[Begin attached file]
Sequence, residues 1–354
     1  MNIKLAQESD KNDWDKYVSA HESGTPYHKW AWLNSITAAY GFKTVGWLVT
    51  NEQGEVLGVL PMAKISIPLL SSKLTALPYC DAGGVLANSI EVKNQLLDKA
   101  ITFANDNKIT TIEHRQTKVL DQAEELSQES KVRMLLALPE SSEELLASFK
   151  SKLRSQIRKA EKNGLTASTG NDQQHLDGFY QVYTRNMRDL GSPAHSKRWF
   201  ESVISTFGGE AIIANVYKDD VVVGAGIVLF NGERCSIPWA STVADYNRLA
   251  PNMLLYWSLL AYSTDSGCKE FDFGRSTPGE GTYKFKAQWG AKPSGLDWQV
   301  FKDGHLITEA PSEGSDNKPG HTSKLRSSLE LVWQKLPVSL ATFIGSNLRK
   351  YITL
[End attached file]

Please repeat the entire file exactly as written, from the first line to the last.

Sequence, residues 1–354
     1  MNIKLAQESD KNDWDKYVSA HESGTPYHKW AWLNSITAAY GFKTVGWLVT
    51  NEQGEVLGVL PMAKISIPLL SSKLTALPYC DAGGVLANSI EVKNQLLDKA
   101  ITFANDNKIT TIEHRQTKVL DQAEELSQES KVRMLLALPE SSEELLASFK
   151  SKLRSQIRKA EKNGLTASTG NDQQHLDGFY QVYTRNMRDL GSPAHSKRWF
   201  ESVISTFGGE AIIANVYKDD VVVGAGIVLF NGERCSIPWA STVADYNRLA
   251  PNMLLYWSLL AYSTDSGCKE FDFGRSTPGE GTYKFKAQWG AKPSGLDWQV
   301  FKDGHLITEA PSEGSDNKPG HTSKLRSSLE LVWQKLPVSL ATFIGSNLRK
   351  YITL